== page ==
In my time at the office, I’ve learned a few things about the corporate life that seem pretty universal. So here are three pieces of advice for anyone about to start their first job in a new town:

1. Ask for a comfortable chair: Sure, it seems like an odd thing to do. And yes, it’s also a line out of “Jerry Maguire.” But if you’re starting life as a cubicle jockey, chances are you’ll be sitting more than you ever have in your life. Your chair might be the most important piece of furniture in your life.

2. Find a good mechanic: At some point, your car is going to break down. For me, the headlights on my car just stopped working a few weeks ago. And you do not want to go to a dealer to get the problem fixed. So if you’re moving to a new town, take a few minutes and find someone who won’t rip you off when your car breaks down. I’d recommend using the ‘Mechanic Files’ over at NPR’s “Car Talk” page. As an added benefit, this might just keep you sane when things go completely wrong.

3. When in doubt, ask: I’d worked at big companies before, but I’d never actually had to navigate a massive corporate bureaucracy before this job. So I’m learning that such places aren’t very good at keeping track of personnel. There’s a sign above the copier at work that speaks to this. “You may be essential,” it reads, “but that doesn’t mean you’re important.” It’s up to you to ask and to make sure that you don’t get lost in the bureaucracy.

A Thought About Lifestreaming

The chart above is from Steve Rubel’s blog, and I think it’s a monumentally important step in terms of defining the scope of all this new media. (1)

I’ll let Mr. Rubel explain what the chart means in terms of his blog:

How would you feel about a structure like this where I theme the content based on the day of the week? Monday we tackle models and/or mindmaps, Tuesday we talk trends, etc. I want to post more often and more creatively than just writing.

This gets to a thought that I’ve been working through for some months now. My blog has become much more targeted: I write about journalism, with a few anecdotes from my life thrown in. But my Twitter feed is all over the place. It’s essentially a link dump; I see an interesting article, and I post it to Twitter. The thing is, the links have no common theme, except for the fact that I find them interesting. So basically, I’ve got a Del.icio.us page that’s targeted to friends.

I know I’m not the only one with such a problem. Take the Twitter feed for the San Antonio daily newspaper, The Express-News. Follow @mysa on a day-to-day basis, and you’ll find that their tweets are very strange. One minute, they’re tweeting the daily pollen count. The next, they’ve got photos from a crime scene. And minutes later, they’ll have the lotto numbers, or the score of a high school football game, or maybe a column about tacos. Point is: I’ve followed them for months, and I have no idea why they tweet the way they do.

That’s a problem. If I follow you on Twitter or subscribe to an RSS feed of your blog, or even if I read/watch/listen to your media outlet’s news on a regular basis, I want to know the answer to two questions:

  1. What do you write/talk about?
  2. Why do you write/talk about it?

I like Rubel’s idea of defining days of the week, especially for new media that tends to span a variety of topics. It could be an interesting way to keep readers engaged.

As for my Twitter feed, I’d like it to be a bit more focused. The only question is: when I see a link or a topic that’s outside my scope, what should I do with it then?

  1. Which would include technology like: Tweeting, Facebooking, Flickring, texting, livestreaming, liveblogging, livechatting or any other verb that didn’t exist at the start of this millenium.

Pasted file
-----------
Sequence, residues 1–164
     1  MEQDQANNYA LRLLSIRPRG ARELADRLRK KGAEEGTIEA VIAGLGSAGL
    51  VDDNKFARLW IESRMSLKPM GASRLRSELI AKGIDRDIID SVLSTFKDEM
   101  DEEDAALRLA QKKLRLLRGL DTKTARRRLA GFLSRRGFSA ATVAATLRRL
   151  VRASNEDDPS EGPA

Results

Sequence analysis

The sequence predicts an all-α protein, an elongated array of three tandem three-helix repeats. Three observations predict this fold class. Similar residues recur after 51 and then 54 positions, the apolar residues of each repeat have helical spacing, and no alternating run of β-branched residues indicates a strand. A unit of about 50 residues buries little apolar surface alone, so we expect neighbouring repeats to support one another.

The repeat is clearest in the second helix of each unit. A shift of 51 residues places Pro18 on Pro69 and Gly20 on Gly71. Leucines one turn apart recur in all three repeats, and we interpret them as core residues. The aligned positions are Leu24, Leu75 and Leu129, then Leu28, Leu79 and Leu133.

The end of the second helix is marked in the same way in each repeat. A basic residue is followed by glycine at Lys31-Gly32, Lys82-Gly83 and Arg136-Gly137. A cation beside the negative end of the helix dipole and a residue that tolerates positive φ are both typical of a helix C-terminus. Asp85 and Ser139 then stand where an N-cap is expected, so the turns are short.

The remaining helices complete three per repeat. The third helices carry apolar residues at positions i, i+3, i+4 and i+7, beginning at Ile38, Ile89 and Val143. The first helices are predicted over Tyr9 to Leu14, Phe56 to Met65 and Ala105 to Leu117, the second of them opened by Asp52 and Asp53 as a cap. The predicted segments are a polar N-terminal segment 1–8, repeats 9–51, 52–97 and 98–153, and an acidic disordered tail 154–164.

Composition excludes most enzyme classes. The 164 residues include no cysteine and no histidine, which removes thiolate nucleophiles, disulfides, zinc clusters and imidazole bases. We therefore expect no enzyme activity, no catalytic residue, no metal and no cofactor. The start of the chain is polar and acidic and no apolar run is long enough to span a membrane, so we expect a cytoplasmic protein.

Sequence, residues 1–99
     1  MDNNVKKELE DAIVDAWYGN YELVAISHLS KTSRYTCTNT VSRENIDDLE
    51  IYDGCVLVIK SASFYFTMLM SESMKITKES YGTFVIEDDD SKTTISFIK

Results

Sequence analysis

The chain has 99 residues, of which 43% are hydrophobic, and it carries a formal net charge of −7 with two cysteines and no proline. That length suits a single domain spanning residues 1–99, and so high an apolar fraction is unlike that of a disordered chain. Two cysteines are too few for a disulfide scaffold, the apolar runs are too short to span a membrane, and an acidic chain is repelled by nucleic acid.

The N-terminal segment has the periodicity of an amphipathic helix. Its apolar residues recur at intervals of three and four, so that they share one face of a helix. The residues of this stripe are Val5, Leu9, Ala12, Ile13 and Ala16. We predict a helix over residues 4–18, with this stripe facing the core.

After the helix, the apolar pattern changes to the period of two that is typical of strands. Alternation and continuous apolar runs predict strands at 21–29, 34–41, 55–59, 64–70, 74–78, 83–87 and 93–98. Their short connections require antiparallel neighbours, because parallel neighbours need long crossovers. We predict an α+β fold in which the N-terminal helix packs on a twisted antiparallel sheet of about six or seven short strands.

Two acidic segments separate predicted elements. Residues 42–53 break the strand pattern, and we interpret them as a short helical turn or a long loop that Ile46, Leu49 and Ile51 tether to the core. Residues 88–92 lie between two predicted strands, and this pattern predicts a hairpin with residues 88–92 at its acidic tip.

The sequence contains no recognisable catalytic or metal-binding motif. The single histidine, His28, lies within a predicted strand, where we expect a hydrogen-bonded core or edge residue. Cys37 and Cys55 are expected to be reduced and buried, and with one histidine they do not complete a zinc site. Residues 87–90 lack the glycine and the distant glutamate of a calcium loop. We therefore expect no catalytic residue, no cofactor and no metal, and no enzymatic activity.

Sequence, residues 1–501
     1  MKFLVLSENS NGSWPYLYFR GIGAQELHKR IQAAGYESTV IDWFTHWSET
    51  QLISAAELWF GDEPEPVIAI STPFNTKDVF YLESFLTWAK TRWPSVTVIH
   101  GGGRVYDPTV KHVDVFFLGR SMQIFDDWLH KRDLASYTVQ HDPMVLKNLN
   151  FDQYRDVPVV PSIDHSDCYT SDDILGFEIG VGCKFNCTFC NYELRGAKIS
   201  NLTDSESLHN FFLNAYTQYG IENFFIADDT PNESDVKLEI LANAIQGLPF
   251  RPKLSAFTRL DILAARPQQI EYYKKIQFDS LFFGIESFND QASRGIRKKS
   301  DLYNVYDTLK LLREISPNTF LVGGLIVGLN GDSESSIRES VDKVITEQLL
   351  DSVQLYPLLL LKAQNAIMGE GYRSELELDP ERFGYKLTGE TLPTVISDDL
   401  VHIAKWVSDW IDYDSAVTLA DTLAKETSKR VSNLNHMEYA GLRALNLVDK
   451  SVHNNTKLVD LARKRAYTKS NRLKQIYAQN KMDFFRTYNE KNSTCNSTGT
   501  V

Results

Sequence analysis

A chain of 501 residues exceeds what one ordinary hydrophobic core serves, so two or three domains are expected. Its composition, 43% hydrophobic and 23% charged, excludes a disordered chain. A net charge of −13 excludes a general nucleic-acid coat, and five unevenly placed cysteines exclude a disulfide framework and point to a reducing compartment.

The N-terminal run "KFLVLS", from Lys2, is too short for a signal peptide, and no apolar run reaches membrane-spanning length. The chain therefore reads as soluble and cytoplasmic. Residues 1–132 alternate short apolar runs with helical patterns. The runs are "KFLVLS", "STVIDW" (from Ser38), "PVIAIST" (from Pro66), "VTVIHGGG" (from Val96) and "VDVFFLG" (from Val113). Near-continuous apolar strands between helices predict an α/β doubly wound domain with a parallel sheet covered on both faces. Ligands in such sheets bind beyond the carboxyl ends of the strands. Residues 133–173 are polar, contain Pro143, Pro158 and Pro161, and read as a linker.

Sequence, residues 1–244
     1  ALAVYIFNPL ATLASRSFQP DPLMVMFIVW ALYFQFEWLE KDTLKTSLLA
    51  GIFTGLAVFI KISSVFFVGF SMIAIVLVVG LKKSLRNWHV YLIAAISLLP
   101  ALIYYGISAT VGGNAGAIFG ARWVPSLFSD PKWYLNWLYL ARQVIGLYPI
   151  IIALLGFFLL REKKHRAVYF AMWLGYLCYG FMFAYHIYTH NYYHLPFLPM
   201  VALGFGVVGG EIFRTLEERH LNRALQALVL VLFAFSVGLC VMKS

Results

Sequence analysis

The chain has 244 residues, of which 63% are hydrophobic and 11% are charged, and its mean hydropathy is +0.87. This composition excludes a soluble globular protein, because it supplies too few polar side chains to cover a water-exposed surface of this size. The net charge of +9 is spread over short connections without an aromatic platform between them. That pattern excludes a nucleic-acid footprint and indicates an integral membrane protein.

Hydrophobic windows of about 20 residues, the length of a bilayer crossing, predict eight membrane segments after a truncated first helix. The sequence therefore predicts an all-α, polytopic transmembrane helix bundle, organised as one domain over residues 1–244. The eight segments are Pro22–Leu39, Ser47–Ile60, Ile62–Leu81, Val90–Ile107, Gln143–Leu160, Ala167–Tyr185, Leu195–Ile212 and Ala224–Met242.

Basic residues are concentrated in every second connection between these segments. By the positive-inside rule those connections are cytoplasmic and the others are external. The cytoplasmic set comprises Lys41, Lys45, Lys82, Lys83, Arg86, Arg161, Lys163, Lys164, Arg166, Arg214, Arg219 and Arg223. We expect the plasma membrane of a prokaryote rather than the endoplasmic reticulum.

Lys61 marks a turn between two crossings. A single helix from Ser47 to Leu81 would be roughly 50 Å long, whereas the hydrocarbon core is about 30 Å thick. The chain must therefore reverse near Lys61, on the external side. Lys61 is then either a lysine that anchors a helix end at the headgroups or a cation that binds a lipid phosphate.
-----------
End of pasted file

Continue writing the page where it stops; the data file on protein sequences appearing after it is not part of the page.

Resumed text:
Dedication. Multitasking. Longhorns Football.

I’d like to take just a minute to discuss a word that, too often, gets misused and misapplied in the English language.

I’m talking, of course, about the word ‘dedication.’

It’s a word that gets associated with athletes and scholars and really anyone for whom hard work is a core value. But I’d like to suggest that dedication may simply involve any act in which the soul and the body unite for common purpose.

Naturally, I’d like to bring an anonymous University of Texas Longhorns fan forward as proof.

On Saturday, I was up in Austin for Day 2 of the Austin City Limits music festival. Between sets by the Levon Helm Band and Dave Matthews Band on the main stage, I found my way over to the stage where Austin-based band The Scabs were playing.

The Scabs are a pleasantly and refreshingly weird act. They’re fronted by singer Bob Schneider, who’s something of a legend in Austin. Nearly ever band he’s played in has become a local favorite, and The Scabs are no exception.

On Saturday, Schneider and Co. put on a show too obscene to be called quirky and too absurd to be underestimated. Their 45-minute set featured material that’s entirely unprintable in this forum. (On the set list: a tune inviting comparisons between oral sex and French explorer Jacques Cousteau, and a faux-death metal parody about shopping at H.E.B.) But the band kept the crowd rocking and laughing all at once, and that’s no easy feat.

But while Austin music fans were loving the joyfully bizarre set, I noticed one fan who was enjoying the music more than most. He kept bobbing his head and pumping his right fist in the air, even between songs. I didn’t understand why.

I assumed that — this being a massive music festival — some combination of alcohol and drugs were at work. (They were.) But then I got closer and found out what was really causing this man’s spontaneous celebrations. YouTubing the clip below is believing:

That, in the name of all things Merriam and Webster, is dedication. Skipping Austin City Limits was out of the question. Missing Miami’s 21-20 victory over Oklahoma wasn’t going to happen, either– and DVRing the game simply wouldn’t cut it. This fan had decided that it all had to be experienced live.

What this Longhorn fan found, I believe, is a remarkable testament to the pursuit of hedonism. He fused two outstanding passions — in this case: great music and college football rivalries — and found a way to multitask the many causes to which he dedicates his time.

As a lover of live music and a hater of opposing college sports teams, I must say: I was inspired. The bar has been set high for us all.